% UpdatePolicy policy_fileThe alarms can be received by our test program, CheckAlarm. The program is started using % CheckAlarm. The default label for a process can be overwritten by changing the first byte of the padding field in the ELF format of the process image (which is the eighth byte in the file).
We performed three types of testing to develop a preliminary performance evaluation of the security module. The tests included process creation with fork, UDP local access and UDP remote access. The UDP tests were performed with and without IP packet modification, so as to see how much performance was lost during IP packet modification.
These tests were executed on a Pentium III 650MHz machine with 256MB of RAM. Here are our testing methods:
Process Creation: measures the time required for a process to fork a child that immediately exits. The parent process loops 100,000 times, performing fork and wait calls.
UDP Local Access: measures the time needed by a process to send a UDP message. It sends 500,000 UDP messages in a loop. The sending process does not check whether the message was sent outside the node, and it does not wait for the confirmation. In this case, it is not important whether the server has DSM installed or not.
UDP Remote Access Testing: measures the time needed by a process to send a UDP message and receive a UDP response from a server. This test sends and receives 100,000 UDP messages in a loop. The client process will send a new message after receiving the confirmation from the server. In this case, it is important that the server runs the DSM software so that permissions are checked on the receiving side. For our test, the second server is a Pentium II 300MHz desktop with 128MB RAM.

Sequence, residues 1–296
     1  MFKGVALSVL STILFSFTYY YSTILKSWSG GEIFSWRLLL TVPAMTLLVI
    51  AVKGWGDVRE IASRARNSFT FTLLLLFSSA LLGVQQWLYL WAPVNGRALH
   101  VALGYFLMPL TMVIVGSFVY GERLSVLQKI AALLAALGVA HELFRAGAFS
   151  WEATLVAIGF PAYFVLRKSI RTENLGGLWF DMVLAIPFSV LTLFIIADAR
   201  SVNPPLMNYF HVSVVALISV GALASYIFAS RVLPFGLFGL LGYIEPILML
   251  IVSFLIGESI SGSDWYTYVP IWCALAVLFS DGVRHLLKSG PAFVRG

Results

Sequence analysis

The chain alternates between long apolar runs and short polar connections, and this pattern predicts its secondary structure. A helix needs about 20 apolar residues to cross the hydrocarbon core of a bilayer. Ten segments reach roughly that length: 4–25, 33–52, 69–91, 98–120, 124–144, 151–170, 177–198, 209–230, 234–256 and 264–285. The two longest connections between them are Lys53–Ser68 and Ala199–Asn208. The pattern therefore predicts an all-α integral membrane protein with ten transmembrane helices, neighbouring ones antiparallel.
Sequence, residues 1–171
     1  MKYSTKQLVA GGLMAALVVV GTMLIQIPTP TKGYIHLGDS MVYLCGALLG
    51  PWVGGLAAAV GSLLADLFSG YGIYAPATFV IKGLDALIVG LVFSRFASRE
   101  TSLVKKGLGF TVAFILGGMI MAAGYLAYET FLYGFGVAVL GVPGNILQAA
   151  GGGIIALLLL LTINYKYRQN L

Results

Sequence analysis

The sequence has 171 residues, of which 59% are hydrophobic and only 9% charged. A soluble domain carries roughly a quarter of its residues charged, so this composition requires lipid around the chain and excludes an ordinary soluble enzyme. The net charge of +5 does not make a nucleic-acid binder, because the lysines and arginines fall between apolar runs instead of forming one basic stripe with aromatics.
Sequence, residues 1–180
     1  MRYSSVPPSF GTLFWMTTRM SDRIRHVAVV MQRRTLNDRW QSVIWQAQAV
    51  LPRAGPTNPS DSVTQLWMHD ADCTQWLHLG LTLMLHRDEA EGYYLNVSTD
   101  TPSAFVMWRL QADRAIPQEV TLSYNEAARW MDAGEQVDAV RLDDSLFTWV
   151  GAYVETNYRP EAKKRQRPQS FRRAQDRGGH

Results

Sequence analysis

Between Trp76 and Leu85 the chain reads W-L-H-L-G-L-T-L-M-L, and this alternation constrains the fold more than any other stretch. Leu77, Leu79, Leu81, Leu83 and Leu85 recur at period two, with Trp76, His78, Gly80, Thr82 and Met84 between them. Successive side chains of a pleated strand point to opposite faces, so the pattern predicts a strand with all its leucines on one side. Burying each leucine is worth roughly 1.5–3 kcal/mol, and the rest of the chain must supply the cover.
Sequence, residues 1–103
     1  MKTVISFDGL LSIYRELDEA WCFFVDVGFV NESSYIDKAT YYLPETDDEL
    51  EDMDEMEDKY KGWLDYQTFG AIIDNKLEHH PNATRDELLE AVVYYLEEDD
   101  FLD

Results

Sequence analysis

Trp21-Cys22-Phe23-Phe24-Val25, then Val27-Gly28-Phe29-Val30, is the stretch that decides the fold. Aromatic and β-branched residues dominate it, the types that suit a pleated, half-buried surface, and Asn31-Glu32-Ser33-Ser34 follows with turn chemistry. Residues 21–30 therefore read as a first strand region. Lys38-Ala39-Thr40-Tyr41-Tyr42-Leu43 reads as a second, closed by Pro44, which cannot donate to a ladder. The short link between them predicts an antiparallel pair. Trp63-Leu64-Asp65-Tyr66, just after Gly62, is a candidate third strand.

Based on the testing performed, we present the results in Table 1 and Table 2. All numbers are in microseconds.
Process Creation Results: we have a 1.2% increase in overhead, because the system has to perform a permission check on the fork operation and spend extra time labeling the child process.
UDP Local Access Results: the average overhead for the setting with the DSM module against the setting without the DSM module is 20%. This overhead consists of performing a permission check on the socket, sending a message and sk_buff label attachment for each message, plus labeling the IP messages. When the IP packet modification is disabled (Table 2), the overhead drops to 4.2%.